Tomorrow is the big day for Research In Motion Ltd. (NASDAQ: RIMM). The company will launch its latest smartphone handset and operating system, BlackBerry 10, into a world dominated by two competitors and a third very deep-pocketed rival. That combination would in itself be hard to overcome, but there is an additional hurdle to RIM’s success — employers encouraging employees to “bring your own device” (BYOD) to the employers’ networks.
Apple Inc. (NASDAQ: AAPL) and Google Inc. (NASDAQ: GOOG) have between them sewn up about 90% of the smartphone operating system market. Apple’s iPhone revolutionized the smartphone business and still commands the highest premium of any phone on the market, even though Samsung Electronics sells more handsets.
Google’s free Android operating system may not generate much revenue for Google, but it dominates the OS marketplace, with more than 70% share.
RIM, of course, wants to be at least number three in the smartphone market, but the Nokia Corp. (NYSE: NOK) and Microsoft Corp. (NASDAQ: MSFT) venture have beat the Canadian firm to market with a good product that hasn’t gotten a lot of traction. And while the prelaunch reviews of BlackBerry 10 have been quite positive, the Nokia-Microsoft pairing could do no better than be considered an also-ran in the latest sales numbers.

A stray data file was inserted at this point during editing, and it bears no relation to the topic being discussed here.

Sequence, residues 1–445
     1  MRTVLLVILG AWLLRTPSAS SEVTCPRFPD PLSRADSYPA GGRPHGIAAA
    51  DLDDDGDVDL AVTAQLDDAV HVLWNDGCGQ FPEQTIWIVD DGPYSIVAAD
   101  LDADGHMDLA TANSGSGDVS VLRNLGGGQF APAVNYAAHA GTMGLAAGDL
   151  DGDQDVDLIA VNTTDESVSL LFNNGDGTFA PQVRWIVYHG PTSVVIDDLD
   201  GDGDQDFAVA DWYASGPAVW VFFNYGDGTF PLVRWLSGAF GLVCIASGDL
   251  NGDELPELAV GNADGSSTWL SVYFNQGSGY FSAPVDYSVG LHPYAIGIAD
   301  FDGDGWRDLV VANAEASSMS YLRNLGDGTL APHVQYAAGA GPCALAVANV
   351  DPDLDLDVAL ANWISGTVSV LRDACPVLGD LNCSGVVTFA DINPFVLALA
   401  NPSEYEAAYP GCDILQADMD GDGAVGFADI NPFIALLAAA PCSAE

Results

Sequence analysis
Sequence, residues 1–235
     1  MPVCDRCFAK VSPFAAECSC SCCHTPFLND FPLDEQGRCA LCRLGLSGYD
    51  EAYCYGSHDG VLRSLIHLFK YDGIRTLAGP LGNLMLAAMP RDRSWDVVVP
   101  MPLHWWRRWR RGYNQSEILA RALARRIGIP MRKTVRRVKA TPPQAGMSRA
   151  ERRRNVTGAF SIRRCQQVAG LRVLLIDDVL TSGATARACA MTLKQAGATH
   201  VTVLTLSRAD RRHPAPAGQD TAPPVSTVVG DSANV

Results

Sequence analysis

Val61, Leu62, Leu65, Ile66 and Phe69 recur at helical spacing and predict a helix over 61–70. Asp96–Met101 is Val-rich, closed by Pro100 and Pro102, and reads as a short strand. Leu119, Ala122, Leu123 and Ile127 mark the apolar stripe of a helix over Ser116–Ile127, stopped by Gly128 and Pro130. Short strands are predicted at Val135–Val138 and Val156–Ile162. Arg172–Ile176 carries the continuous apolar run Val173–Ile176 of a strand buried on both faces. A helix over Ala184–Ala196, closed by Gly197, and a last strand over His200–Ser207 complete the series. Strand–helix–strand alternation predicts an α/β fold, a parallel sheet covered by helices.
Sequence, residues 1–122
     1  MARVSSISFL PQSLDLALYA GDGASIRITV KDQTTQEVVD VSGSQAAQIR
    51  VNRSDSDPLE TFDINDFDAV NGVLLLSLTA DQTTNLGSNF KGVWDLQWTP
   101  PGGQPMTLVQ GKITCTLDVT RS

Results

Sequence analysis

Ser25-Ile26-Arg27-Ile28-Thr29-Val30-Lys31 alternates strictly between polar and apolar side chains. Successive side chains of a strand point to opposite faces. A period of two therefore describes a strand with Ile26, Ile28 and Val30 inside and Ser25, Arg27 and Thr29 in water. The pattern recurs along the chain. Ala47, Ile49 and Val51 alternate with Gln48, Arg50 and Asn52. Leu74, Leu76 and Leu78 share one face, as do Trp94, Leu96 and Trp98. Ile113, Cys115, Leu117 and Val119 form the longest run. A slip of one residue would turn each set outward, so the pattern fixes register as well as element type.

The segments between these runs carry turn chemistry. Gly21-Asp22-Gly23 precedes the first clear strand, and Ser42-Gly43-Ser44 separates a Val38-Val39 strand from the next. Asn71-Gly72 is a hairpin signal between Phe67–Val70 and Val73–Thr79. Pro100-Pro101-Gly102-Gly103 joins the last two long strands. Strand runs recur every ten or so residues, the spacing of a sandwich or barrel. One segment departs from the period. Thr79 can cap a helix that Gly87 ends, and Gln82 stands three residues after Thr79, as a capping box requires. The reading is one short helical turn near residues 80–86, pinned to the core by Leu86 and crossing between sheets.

Sure it takes time, but Microsoft can afford to invest and wait for a year or two. But can RIM?
RIM’s strength has always been its penetration of the business market, where the company’s private network was a primary attraction to security-minded CIOs. But both Android and iOS phones now have overcome that objection, and companies are letting employees use their own phones to conduct company business. And employees have not been buying RIM phones.
There is no incentive for an employee to ditch an Apple or Samsung phone, and precious little incentive for an employer to buy a new BlackBerry 10 for its workers. To break through that BYOD barrier, RIM may have to offer its phones to businesses at prices that will crush RIM’s profits.
Investors who have been driving up the price of RIM’s shares ever since the company announced the launch date for its new phone have gotten cold feet in the past few days. The share price dropped below $15 earlier today, from a recent high of more than $18 a share. Shares are trading down about 5.7% at $15.25 shortly before noon today, in a 52-week range of $6.22 to $18.32.